Mandatory voting changes a right and a privilege into a duty and obligation. It transforms the symbol and mechanism of a democratic citizen’s freedom and authority into an instrument of government oppression.
In Australia, the poster child for mandatory voting, a citizen who fails to register or vote can be subject to fines and imprisonment. The mandatory voting law creates, in essence, a reverse poll tax. Instead of paying a tax to be allowed to vote, Australians are taxed if they do not vote. A columnist in Australia noted the oppression that comes from mandatory voting:
People have been sentenced to jail terms for not voting. It’s disgusting. It’s far from being democratic. We are not a democracy if we can’t vote democratically.
Supporters of mandatory voting claim that it increases voter knowledge and engagement, but there is no evidence that it has done so in the countries that have mandatory voting. Instead, out of protest or from feeling that their vote is meaningless, many voters become purposely ignorant, vote randomly (“donkey vote”), spoil their ballots, or at a minimum, resent the process.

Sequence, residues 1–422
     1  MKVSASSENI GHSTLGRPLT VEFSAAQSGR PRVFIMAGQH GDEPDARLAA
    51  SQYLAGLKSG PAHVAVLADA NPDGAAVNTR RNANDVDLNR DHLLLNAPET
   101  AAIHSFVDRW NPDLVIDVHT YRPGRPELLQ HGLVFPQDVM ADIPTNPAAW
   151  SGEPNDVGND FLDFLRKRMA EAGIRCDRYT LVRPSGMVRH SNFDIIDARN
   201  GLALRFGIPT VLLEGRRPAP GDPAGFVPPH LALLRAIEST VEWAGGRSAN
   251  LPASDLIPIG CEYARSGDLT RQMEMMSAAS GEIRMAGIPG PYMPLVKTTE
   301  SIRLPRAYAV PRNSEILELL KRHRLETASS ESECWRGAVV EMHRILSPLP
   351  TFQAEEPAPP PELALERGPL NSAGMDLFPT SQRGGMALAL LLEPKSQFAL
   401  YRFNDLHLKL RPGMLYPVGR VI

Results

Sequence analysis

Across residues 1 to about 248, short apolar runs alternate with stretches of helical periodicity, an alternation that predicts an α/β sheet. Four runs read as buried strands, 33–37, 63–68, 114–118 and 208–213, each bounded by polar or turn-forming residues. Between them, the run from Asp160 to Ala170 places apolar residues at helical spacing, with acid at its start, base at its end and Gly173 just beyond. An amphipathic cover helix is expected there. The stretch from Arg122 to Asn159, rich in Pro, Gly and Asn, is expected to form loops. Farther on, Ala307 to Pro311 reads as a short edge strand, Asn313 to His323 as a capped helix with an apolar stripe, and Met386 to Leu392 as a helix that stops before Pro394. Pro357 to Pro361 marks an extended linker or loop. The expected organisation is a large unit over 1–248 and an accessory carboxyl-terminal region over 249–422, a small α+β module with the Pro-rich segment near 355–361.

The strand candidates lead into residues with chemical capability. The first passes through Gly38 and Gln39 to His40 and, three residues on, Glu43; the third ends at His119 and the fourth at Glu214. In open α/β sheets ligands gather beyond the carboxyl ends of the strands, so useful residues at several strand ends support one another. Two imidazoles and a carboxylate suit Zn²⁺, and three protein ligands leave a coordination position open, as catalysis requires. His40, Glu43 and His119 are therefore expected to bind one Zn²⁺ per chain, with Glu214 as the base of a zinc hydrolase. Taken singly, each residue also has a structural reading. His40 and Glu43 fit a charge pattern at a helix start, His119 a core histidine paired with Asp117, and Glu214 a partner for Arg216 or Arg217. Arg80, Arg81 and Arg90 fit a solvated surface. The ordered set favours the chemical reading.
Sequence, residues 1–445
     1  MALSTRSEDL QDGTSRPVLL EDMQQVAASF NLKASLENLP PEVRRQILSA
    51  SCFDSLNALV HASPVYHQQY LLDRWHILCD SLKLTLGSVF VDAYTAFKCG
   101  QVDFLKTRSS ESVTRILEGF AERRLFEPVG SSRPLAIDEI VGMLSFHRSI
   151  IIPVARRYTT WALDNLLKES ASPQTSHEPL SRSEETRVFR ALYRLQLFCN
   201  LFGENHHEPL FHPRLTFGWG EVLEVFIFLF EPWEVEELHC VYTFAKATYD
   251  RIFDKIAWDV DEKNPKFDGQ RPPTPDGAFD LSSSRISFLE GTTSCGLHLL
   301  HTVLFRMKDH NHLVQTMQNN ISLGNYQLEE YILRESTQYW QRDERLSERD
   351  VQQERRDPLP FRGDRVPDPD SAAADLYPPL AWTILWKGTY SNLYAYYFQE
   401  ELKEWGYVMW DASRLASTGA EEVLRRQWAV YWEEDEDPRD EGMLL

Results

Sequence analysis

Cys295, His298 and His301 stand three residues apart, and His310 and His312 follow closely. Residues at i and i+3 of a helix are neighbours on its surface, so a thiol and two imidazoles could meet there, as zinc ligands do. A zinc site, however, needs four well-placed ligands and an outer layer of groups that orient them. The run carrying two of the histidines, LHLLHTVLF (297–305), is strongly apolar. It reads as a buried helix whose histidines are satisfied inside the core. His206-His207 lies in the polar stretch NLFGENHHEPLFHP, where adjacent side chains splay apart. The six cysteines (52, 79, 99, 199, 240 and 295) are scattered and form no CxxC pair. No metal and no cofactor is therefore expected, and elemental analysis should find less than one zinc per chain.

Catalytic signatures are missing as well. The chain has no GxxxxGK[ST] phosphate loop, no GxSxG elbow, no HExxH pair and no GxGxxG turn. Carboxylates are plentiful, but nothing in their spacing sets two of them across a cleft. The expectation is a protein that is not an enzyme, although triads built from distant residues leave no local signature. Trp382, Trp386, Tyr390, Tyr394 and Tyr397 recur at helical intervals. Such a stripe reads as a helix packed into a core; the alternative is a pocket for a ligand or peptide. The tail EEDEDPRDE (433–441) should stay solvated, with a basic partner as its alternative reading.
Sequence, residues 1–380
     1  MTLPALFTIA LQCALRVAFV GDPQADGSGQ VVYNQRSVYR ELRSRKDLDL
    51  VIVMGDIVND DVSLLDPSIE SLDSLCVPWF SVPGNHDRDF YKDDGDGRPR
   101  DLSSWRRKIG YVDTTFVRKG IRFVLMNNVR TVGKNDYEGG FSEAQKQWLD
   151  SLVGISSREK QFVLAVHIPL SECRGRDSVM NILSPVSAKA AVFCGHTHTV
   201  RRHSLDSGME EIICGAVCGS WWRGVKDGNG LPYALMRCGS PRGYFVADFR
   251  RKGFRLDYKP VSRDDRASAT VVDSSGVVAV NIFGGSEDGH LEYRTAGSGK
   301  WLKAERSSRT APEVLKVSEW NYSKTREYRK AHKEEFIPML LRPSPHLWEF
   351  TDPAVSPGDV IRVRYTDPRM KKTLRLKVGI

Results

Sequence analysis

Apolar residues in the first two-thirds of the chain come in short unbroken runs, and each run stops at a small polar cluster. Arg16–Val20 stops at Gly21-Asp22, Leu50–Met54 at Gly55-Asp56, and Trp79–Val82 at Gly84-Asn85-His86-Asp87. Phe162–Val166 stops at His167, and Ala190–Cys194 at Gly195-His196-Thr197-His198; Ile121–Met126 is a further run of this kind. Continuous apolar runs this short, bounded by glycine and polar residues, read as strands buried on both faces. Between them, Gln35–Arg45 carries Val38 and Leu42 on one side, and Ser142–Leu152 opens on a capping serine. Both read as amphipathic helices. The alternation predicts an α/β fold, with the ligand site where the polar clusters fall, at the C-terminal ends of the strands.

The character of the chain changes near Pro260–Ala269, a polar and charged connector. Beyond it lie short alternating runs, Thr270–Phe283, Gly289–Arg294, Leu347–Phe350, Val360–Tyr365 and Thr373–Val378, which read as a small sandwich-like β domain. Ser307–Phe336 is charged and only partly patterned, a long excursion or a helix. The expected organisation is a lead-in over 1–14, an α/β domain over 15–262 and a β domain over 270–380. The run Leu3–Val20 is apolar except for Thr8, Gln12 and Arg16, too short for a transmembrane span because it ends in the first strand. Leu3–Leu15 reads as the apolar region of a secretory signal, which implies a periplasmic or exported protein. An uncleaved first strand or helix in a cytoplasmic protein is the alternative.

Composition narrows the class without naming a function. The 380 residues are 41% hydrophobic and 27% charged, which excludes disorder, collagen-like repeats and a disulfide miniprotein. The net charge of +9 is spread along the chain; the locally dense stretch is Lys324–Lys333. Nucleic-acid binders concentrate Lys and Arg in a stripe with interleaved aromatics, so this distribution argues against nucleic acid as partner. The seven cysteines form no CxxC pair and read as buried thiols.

Paula Matthewson, a political commentator in Australia who deliberately does not vote and pays the fine instead, scoffs at the idea that mandatory voting has increased voter knowledge and engagement. In fact, the opposite has occurred:
The idea that high voter turnout based on compulsory voting translates into a politically engaged electorate is nonsensical. If we moved to a voluntary system, with the level of disenchantment and disengaged voters we have now, no one would vote.
In the United States, there would be two major constitutional hurdles to imposing mandatory voting on a national level. First, the First Amendment protects not only the right to speak but also the right not to speak. Voting and not voting are forms of speech, if crude ones, and the government cannot force a citizen to speak. Second, Congress has little authority to regulate elections; most authority is placed in the states.